6. Keep it Interesting

Mix up your tools, habits, and rewards. If you’ve been doing your Weekly Review the same way and they are feeling stale, mix it up by trying it on a different day, time, or location. I’ve heard from many clients that just doing it somewhere other than their office has sparked new inspiration.

Changing tools can also keep the process interesting. I recently moved from Evernote to Wunderlist for storing my projects and actions lists and was reminded about how changing tools can feel new and exciting again. And it forced me to re-evaluate everything on my lists as I transferred things over. I let go of some things and triaged some to Someday/Maybe.

7. Get Support

A friend of mine has been working out with a trainer for nearly two years. By this point, she knows the proper form and has a good variety of workout options to stay fit, yet she continues to see the trainer for motivation. She knows the trainer is waiting for her at the gym at 7am every Monday and Wednesday. It keeps her accountable and showing up—for herself and the trainer.

The same idea applies to GTD. You can hire a GTD Coach to motivate you, or at least get a colleague or friend who is also into GTD to check in with. There are often people on our GTD Forums looking for Weekly Review buddies or who use the forums to report in and have others celebrate their successes. Bottom line—don’t white-knuckle this alone. If you’re feeling overwhelmed, get support. If you’re feeling bored or stuck, first see #4, then find someone who you can support and who can support you on your path of mastery.

8. Learn What Works for You

One of the areas I often see people struggle with is using tools that don’t work for them. There is no one perfect tool for GTD, but there are many that will work really well if you work them. If you are repelled in any way by the tools you are using for GTD (capture tools, list manager, reference manager, etc.), then switch it up.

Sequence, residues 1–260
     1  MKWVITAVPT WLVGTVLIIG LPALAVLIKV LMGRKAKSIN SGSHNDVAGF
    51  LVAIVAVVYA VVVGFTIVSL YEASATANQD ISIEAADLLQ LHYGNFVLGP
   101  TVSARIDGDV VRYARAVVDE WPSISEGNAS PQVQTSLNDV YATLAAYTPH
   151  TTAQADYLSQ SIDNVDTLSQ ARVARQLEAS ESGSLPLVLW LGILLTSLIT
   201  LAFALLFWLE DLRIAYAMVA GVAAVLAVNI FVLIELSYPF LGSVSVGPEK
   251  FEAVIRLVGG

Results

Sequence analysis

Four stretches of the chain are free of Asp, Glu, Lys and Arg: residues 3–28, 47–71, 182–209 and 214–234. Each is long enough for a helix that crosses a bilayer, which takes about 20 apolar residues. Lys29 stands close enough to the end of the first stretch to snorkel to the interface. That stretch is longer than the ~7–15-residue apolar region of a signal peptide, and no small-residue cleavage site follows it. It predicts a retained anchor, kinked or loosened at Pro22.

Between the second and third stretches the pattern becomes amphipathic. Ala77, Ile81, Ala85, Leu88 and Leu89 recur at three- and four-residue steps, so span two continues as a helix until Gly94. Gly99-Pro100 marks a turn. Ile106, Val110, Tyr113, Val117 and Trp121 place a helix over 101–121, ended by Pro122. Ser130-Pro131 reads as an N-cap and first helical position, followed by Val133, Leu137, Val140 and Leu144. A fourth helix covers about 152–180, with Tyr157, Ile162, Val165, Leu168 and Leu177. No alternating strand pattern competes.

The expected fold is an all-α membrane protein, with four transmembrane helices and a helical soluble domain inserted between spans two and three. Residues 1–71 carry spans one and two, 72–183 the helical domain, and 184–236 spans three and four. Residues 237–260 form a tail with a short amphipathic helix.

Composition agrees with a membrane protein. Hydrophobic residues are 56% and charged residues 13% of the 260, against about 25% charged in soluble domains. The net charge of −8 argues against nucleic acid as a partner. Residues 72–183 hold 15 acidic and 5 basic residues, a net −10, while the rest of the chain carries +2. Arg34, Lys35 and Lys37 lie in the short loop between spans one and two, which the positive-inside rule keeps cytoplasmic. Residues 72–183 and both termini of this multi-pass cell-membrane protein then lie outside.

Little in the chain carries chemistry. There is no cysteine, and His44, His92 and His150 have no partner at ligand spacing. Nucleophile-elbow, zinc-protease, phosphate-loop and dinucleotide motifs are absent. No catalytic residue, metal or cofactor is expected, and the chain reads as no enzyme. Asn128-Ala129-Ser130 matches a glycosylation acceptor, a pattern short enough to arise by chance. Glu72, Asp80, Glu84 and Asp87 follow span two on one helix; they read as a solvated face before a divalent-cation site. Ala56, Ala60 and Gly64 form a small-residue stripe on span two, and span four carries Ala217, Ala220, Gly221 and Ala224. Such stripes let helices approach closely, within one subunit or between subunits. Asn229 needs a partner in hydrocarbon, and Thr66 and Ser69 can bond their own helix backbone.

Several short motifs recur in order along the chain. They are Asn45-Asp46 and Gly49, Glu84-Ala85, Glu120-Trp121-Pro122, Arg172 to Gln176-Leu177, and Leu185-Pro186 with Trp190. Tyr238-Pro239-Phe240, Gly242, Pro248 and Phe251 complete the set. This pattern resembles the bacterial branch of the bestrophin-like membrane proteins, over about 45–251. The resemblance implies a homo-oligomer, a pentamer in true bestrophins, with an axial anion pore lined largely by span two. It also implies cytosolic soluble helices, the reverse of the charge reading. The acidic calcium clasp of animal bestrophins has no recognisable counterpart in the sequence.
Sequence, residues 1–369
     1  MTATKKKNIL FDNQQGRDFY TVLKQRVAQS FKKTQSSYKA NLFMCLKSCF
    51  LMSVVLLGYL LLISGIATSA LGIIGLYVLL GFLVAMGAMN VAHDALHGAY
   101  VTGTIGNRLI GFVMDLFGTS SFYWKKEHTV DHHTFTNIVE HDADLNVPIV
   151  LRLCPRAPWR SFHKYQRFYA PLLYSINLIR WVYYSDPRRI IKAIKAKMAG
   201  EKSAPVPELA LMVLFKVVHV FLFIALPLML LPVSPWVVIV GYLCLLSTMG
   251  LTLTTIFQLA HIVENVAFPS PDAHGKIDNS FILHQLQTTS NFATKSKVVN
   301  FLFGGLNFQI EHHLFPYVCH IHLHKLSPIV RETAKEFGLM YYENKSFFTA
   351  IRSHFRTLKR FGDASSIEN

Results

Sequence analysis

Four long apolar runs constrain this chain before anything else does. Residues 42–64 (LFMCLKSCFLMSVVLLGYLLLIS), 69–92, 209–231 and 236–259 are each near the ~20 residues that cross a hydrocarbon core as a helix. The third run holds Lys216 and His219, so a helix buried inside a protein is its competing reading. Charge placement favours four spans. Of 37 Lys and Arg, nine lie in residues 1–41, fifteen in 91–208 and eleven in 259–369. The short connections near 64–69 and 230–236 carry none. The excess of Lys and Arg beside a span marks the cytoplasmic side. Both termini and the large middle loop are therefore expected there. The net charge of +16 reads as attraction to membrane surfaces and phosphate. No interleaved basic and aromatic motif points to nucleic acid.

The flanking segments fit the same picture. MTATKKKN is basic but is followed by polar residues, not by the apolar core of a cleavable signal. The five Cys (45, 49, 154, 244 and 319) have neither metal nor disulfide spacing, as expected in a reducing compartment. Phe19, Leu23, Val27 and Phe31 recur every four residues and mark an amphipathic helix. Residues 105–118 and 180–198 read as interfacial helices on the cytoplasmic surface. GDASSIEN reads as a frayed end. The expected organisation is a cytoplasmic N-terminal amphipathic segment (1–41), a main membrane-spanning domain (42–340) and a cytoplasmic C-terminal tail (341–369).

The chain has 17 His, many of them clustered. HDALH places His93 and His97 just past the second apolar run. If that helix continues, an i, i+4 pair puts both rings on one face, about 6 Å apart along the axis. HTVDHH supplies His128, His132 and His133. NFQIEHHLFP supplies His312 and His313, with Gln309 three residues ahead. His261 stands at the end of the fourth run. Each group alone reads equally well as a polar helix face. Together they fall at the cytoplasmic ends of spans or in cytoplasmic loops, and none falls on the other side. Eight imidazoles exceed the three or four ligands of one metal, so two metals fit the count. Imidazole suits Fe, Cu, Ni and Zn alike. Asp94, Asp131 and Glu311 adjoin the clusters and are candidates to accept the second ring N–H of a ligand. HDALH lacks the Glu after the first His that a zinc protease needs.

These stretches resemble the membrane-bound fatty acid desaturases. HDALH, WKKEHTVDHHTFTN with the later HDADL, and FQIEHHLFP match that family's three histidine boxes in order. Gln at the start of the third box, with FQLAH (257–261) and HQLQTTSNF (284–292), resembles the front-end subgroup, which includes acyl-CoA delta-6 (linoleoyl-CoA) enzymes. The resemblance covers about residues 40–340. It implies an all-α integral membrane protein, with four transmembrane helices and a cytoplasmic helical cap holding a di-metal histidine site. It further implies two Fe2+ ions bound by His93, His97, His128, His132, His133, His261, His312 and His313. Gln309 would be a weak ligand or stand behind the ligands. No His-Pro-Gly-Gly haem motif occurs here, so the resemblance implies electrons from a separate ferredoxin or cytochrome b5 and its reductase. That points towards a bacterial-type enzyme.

9. Get Momentum

GTD is a mental game, but it’s learned from practical experience. Build some reference points through repetition for having a clear head, inbox zero, Weekly Review, complete projects list, and current lists.

Along the start small theme in #1, give yourself winnable goals for building those reference points, like trying for inbox zero at least once a week. Much like when you were a kid and learned that brushing your teeth felt better than not, knowing what inbox zero feels like will be a strong motivator.

10. Keep At It

Much like learning a sport, you’ll have some falls with GTD. It’s part of the game. In fact, David Allen has often said that if you’re not out of control regularly, you’re not playing a big enough game. The good news is that it’s easy to get back “on” with GTD if you feel like you’ve fallen off the wagon. Simple things can make a big difference, like doing a Mind Sweep to capture what’s grabbing your attention, doing a thorough Weekly Review, completing that one thing that’s been waking you up at 4am, or clarifying the next action on a project that’s been stuck. Don’t underestimate the power of these key behaviors. They are at the core of mastery with GTD.

David says it takes two minutes to understand the five steps of mastering workflow, two days to get yourself set up, and two years to make the GTD behaviors a habit. So wherever you are in this journey, be kind to yourself and acknowledge your wins.

–Kelly Forrister, Certified GTD Coach